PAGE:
The pains of liberty

Shawn Mercer

Shawn Mercer

Shawn Mercer is a sophomore integrated life sciences major and columnist for the Daily Kent Stater. Contact

Shawn Mercer at [email protected].

In the words of Benjamin Franklin, “If we restrict liberty to attain security we will lose them both.” Within this statement are a few truths. The first is that liberty seems preferable to security. This preference respects that individuals can and should make their own decisions, as long as they do not prevent others from doing the same. The second is that, even in trading liberty for security, we will, ultimately, have neither.

The words of Benjamin Franklin are not a moral imperative, but they reflect a theory of governance that puts an emphasis on liberty and that is wary of restricting it. This emphasis is reflected in the first 10 amendments to the United States Constitution, known as the Bill of Rights.

Within the Bill of Rights is a litany of negative liberties, or what the Congress cannot do. Therefore, regarding liberty, the buck stops with people and the individual states.

In application, protecting liberty can be difficult. I cannot imagine any circumstance more difficult than the Sandy Hook Elementary School shooting.

A lone gunman, using a semi-automatic rifle, ended 26 beautiful lives on a quiet school day. Sadly, he ended his life without ever facing justice.

It seems impossible to do nothing in the face of such tragedy. We ask ourselves, “How could we let this happen?” There must have been something we missed.

Unable to grasp the sheer senselessness and evil involved in this event, we turn toward the means to which this tragedy occurred: the weapon.

The gunman stole the weapons used in the shooting after murdering their owner: his mother. The gunman obtained them illegally. Criminals who want to end lives will find a means of doing so.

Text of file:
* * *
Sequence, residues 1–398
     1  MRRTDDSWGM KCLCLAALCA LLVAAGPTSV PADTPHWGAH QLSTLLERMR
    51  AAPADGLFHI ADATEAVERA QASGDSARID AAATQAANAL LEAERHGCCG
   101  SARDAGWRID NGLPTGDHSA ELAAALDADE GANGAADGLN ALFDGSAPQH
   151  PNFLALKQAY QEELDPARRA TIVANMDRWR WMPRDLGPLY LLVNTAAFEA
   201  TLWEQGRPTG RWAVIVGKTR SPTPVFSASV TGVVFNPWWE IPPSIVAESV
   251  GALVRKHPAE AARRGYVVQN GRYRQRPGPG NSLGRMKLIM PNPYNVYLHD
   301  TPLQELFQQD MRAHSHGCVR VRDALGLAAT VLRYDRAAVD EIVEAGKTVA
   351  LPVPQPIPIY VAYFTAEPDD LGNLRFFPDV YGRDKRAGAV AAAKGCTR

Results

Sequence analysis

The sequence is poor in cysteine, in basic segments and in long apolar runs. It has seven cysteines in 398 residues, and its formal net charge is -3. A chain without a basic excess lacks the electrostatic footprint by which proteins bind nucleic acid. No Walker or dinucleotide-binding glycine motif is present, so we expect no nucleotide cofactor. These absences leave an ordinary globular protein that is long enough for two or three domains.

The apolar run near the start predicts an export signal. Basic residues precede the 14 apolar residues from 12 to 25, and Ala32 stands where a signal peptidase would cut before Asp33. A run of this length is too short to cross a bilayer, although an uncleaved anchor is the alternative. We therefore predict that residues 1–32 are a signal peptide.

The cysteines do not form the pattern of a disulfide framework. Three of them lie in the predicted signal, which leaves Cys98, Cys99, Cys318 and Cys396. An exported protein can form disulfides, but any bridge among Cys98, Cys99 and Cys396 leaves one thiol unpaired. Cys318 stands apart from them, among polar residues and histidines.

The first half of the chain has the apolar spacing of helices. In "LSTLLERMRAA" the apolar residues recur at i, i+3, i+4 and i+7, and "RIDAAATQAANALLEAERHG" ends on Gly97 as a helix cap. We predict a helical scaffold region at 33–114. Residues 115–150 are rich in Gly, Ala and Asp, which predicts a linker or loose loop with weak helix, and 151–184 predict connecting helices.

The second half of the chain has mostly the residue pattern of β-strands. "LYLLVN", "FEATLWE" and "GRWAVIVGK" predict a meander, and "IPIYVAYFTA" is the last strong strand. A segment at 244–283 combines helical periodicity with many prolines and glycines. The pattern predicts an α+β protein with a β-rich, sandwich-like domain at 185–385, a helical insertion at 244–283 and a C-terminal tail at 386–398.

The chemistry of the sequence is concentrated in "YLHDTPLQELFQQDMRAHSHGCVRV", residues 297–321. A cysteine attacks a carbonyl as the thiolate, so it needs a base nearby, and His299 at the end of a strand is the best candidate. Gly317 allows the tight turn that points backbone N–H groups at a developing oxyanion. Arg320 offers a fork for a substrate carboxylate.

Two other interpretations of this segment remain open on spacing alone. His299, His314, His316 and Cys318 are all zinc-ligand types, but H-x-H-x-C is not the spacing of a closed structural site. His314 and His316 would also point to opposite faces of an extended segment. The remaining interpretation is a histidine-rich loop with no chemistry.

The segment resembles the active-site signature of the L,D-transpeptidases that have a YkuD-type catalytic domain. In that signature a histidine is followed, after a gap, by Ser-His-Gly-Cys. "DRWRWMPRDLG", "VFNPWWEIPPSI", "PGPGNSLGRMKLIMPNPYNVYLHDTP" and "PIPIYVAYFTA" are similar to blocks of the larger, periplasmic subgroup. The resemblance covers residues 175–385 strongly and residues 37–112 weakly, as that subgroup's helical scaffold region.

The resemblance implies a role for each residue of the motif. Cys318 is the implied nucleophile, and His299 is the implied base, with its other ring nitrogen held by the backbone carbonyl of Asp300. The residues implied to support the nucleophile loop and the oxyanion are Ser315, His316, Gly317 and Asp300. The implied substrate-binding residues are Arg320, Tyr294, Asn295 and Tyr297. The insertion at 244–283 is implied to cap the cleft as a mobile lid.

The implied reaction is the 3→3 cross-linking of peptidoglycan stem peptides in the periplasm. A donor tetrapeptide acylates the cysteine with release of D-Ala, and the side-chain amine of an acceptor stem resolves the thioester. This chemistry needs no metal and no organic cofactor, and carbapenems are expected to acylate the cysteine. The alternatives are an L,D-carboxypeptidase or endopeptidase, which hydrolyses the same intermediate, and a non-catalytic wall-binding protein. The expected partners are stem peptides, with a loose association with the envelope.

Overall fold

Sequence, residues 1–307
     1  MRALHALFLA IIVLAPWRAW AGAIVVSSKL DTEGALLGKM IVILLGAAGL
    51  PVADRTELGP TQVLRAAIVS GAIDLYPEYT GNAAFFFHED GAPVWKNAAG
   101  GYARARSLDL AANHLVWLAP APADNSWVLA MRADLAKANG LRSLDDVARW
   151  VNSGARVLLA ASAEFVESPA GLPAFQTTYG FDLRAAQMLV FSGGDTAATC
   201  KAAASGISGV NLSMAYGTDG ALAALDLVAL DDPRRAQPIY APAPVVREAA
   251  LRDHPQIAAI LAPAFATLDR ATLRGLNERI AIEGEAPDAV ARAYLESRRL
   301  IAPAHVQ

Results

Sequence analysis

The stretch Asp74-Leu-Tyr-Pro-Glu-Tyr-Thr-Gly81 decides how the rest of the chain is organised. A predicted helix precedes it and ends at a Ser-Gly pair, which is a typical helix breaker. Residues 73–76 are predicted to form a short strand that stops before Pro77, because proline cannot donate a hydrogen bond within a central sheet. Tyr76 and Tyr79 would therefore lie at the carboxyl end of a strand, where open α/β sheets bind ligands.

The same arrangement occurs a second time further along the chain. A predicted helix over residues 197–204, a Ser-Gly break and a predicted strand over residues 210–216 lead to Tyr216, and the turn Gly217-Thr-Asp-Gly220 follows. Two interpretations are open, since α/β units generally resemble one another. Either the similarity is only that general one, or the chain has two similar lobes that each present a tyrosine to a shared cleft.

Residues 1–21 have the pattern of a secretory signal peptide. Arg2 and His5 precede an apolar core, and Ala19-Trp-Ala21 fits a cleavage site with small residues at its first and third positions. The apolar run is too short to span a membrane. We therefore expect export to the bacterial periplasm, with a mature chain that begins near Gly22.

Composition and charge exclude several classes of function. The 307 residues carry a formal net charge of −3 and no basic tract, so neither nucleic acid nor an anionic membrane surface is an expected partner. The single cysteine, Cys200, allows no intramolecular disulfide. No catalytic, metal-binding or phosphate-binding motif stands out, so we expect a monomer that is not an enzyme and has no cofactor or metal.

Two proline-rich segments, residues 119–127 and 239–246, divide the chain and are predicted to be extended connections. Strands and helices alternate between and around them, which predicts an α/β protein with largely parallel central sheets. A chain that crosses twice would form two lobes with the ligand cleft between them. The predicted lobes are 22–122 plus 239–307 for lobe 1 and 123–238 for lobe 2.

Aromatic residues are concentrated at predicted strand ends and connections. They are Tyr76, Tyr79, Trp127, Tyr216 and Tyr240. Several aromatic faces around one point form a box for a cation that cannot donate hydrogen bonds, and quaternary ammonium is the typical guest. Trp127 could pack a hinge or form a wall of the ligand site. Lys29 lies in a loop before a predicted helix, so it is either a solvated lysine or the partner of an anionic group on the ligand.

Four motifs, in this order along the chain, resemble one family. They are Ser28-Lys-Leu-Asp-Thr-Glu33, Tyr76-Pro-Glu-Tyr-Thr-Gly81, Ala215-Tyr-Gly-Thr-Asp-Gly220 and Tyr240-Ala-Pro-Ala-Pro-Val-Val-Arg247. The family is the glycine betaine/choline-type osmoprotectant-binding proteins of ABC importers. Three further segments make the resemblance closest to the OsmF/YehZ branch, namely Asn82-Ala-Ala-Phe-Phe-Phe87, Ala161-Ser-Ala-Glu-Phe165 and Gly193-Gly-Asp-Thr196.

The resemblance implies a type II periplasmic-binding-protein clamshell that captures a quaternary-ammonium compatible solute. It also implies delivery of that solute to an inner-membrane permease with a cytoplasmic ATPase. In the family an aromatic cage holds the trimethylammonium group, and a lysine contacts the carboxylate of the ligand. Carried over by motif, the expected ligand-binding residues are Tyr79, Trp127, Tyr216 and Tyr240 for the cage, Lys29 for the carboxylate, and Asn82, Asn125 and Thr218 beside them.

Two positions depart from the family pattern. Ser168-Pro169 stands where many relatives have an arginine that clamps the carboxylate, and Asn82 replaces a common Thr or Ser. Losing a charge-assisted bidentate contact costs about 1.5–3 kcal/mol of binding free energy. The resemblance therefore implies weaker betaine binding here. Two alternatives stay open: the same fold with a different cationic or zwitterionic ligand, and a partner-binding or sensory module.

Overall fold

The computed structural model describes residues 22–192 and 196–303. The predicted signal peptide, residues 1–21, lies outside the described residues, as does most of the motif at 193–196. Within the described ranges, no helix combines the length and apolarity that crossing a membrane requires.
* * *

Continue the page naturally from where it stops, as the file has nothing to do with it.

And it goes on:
His primary weapon was a semi-automatic rifle that accepted a 30-round magazine; critics have argued that the solution is banning the sale of such weapons and limiting the number of rounds that a magazine can hold.

This is where our society makes decisions on whether to go down the path of liberty or the path of perceived safety. We must restrain ourselves from acting unilaterally based on the actions of a single individual.

There are many other ways to destroy life. On May 18, 1927, at a school in Bath Township, Mich., the deadliest mass murder in the United States occurred. The perpetrator murdered 38 school children, six adults and ultimately himself with explosives. Ted Kaczynski, also known as the “Unabomber,” perpetuated his crimes by mailing bombs through the mail, killing 3 and injuring 23. Donald Harvey, a medical orderly, murdered an estimated 37 to 57 of his patients while they were under his care.

As you read this, some disturbed individual is probably planning the next assault on human life, using any means necessary.

A weapons ban would not make us necessarily safer because we have seen that there are many ways to destroy human life. Criminals are not obliged to obey the law. What we would be left with is an illusion of safety at the expense of liberty.